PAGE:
One consequence of the pace of global development in the twentieth century is the emergence of concern with population ageing in the twenty-first century. Current projections of world population suggest a rapid and unprecedented increase in older persons in the twenty-first century: persons aged 60 and above are projected to increase from 675 million in 2005 to 1.9 billion in 2050. Available data indicate a close association between population ageing and increased incidence of impairment - but not necessarily disability - in populations. Population ageing introduces the need for society to address environmental accessibility in terms of designs that provide reasonable adaptation in meeting the needs and capacities of all users so that neither the physical nor the information and telecommunications environments present barriers to the full and effective participation of the many in the development of the societies in which they live. 

The MDGs bring together United Nations agencies, Governments and civil society around eight key development issues fostering collaborative action to reduce poverty, improve health, address educational and environmental concerns, and achieve gender equality reflecting concerns the world's most pressing development problems. The MDGs are specifically designed to address the needs of the world's poorest citizens and most marginalized populations to achieve the goals of the United Nations and its commitment to promote "human rights and development for all."
While it is estimated that persons with disabilities make up more than ten per cent of the world's population, in developing countries persons with disabilities represent an estimated twenty per cent of those living in poverty. Even though the commitment of the United Nations to the rights of persons with disability and their inclusion in all MDG activities are implied in the MDGs, there is no reference either to persons with disabilities in the accompanying body of guidelines and policies, programmes and conferences that are part of the on-going MDG efforts, nor the targets and indicators that operationalize the MDGs. In addition, the MDGs review process underway within the United Nations and related work in development does not include disability.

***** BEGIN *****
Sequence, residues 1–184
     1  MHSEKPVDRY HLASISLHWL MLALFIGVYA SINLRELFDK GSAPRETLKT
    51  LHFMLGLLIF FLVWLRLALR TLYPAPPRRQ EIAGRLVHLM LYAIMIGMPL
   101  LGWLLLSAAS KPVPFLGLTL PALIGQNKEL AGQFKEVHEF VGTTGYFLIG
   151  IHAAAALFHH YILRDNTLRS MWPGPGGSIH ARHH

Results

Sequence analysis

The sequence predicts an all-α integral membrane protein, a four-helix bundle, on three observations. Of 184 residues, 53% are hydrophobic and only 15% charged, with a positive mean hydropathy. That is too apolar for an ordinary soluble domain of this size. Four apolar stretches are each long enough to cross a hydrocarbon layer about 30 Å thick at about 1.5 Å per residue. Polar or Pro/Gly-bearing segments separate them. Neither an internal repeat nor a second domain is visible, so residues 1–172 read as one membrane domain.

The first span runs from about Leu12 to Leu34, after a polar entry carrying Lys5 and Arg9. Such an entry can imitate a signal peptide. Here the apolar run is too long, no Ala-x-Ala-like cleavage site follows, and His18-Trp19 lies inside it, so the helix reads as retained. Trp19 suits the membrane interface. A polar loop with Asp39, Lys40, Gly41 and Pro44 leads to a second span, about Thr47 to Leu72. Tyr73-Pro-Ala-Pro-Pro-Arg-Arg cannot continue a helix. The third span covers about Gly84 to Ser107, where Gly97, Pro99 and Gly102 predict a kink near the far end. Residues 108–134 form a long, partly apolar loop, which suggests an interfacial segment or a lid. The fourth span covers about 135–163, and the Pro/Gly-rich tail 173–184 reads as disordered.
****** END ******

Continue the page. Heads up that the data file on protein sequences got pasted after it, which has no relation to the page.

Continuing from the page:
3. Initiative or formulation to be included in the draft outcome document

Calls on Member States, UN system and relevant stakeholders to take concrete measures for the inclusion of disability in the MDG evaluation and monitoring processes.

- including in the context of Country Reporting on the Millennium Development Goals, as well as in the Handbook on Indicators for Monitoring the Millennium Development Goals--Definitions, Rationale, Concepts and sources, as well as working within regional processes to include disability in the existing MDG monitoring and evaluation.

-promoting environmental accessibility with reasonable adaptation, in both the physical environment as well as in the fields of information and communication technologies;
- providing (disability-inclusive) accessible social services and social protection floor for all; and
encouraging and developing participatory, democratic and accountable institutions promote accessible and inclusive society for all.

4. Additional Information

The General Assembly resolutions on MDGs and disability during the 62rd, 63rd and 
64th sessions have been sponsored and co-sponsored by 80- 100 countries (109 countries for A/RES/63/150). 

The Millennium Development Goals cannot be achieved without the full and effective inclusion of persons with disabilities and their participation in all stages of the MDGs processes.

The current MDGs framework, tools and mechanisms provide several opportunities to mainstream disability in the MDGs.

The existing data gaps on disability within the context of the MDG evaluation and monitoring continues to be a major challenge. Available data, however, could be used to support the inclusion of disability in current MDG evaluation and monitoring processes, while on-going and new MDG evaluation and monitoring efforts should add a disability component as part of their overall data collection endeavours.

Specific measures should be taken for mainstreaming disability at global, regional and national levels for short-term, medium-term and long-term results. 

With a view to the 2010 periodic review, priority should be given at this time to targeting actions at the global level in the context of monitoring.

Collaborations should be initiated within the United Nations system and with relevant stakeholders to foster strategic thinking and planning on the MDGs and disability. In this regard, establishing an informal resource group could ensure that a platform for on-going dialogue and feed back is possible.


Some specific options where disability may be mainstreamed include: (a) reports, tools and guidelines; (b) specific MDGs and MDG indicators and (c) mechanisms and processes. 

Reports, tools and guidelines